The Digital Piranesi


Piranesi’s use of perspective can be arresting, imposing, or distorting. His thwarted career as an architect is often noted in biographical approaches to his works. Beyond that, the fundamental challenges of rendering three-dimensional space on two-dimensional paper, which by their nature make representation itself an issue, should also be seen to animate the use of perspective in his Vedute di Roma. In individual views that adopt a dramatically lowered vantage point, he seems to favor the aesthetic category of the “picturesque,” which William Gilpin theorized in the English context that shaped the perception of his images for much of Piranesi’s audience. But he also exaggerates the massiveness of the monuments whose magnificence he values over the “quiet simplicity and noble grandeur” of Greek aesthetics that Wincklemann praised, in keeping with his own aesthetics of magnificenza. His perspectival distortions have long been a subject of comment, from eighteenth-century tourists disappointed upon seeing that Rome’s monuments are, in reality, less imposing than Piranesi’s versions of them, to twenty-first century scholars who have documented their spatial inaccuracies (Rapp).
Finally, the vantage points his images adopt echo but significantly expand the compositions of his predecessors, such as Giovanni Antonio Canaletto (above) or Giuseppe Vasi (below), which are shown on the left in these pairs.
Many of his views, such as those of bridges from both the Vedute di Roma (top row) and
Antichità Romane (bottom row) below, amplify the dramatic possibilities of sharp diagonals and sunken viewpoints.
In Piranesi’s hands, visual perspective often relates to verbal information. Many of his views of Renaissance palaces follow a harsh diagonal that ends, at the vanishing point, with an annotation. These d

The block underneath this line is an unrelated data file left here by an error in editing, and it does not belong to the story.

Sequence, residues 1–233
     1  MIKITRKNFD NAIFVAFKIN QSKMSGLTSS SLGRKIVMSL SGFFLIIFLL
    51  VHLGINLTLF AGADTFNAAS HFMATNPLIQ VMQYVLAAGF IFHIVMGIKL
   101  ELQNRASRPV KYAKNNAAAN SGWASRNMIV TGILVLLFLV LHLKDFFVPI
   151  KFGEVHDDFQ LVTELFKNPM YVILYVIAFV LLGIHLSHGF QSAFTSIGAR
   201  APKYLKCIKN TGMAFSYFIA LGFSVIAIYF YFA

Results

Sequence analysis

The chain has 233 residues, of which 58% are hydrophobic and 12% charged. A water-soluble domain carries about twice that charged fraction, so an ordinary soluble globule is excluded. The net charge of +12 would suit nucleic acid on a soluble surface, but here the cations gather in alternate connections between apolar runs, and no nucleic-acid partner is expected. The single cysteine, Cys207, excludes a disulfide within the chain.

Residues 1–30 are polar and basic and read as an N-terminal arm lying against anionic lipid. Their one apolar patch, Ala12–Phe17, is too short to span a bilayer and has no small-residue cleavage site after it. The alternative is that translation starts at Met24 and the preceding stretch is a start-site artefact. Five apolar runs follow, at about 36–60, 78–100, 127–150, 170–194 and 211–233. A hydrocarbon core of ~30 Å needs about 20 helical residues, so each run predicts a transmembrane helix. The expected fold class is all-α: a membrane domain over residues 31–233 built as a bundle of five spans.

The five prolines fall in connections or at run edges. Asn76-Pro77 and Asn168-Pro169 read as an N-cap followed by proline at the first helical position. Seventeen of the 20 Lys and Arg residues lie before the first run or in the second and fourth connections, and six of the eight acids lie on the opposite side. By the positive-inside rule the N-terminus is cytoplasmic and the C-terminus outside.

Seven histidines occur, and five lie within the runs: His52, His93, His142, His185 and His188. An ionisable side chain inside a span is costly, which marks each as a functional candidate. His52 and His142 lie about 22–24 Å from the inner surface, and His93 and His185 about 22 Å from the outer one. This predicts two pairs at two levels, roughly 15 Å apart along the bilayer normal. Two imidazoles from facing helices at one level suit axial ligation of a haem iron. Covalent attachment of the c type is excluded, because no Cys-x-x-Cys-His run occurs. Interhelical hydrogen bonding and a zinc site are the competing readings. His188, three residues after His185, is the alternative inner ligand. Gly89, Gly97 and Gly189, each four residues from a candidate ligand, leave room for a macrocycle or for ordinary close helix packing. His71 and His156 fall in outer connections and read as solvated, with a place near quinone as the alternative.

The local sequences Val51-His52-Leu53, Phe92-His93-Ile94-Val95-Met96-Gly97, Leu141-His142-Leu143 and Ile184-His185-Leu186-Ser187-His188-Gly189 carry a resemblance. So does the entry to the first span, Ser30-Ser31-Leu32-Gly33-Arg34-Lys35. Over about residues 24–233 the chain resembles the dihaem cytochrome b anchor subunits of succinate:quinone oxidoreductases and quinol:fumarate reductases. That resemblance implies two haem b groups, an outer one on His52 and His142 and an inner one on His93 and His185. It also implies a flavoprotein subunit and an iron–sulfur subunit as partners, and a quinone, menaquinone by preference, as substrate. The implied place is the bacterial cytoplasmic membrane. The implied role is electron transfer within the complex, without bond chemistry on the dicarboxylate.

istant annotations extend the visual effects of dramatic one-point perspective by making verbal information the destination for a viewer’s eyes. Other subjects are presented in ways that elaborate on this relationship between visual perspective and verbal information. In different etchings, Piranesi often depicts the same structure from many vantage points. In these views of  the same subject (such as the Colosseum, Antonine Baths, or the Baths of Titus), one view often enumerates architectural details in its captions while other views of the same structure aggrandize, from sunken perspectives, hulking, ruined shapes that have no annotations. Looking at one image and then another, viewers shift their perspective—from exterior to interior, from elevated to sunken positions—in ways that relate to Piranesi’s presentation of information. His Vedute di Roma, when they are seen as informational images in the sense James Elkins proposed, “can present more complex questions of representation, convention, medium, production, interpretation, and reception than much of fine art” (4-5). Piranesi’s correlation between, on one hand, shifting and dramatic perspectives and, on the other, the display of information returns to the connections between perspective and knowledge that Erwin Panofsky identified in “Perspective as Symbolic Form” and that Hubert Damish explores in The Origins of Perspective. In this way, his use of alternating perspectives, in conjunction with his captions, can be seen as reflections on the display and acquisition of information, the situatedness of historical conjecture, and the limits of knowledge rather than mere demonstrations of geometrical skill. (JB)

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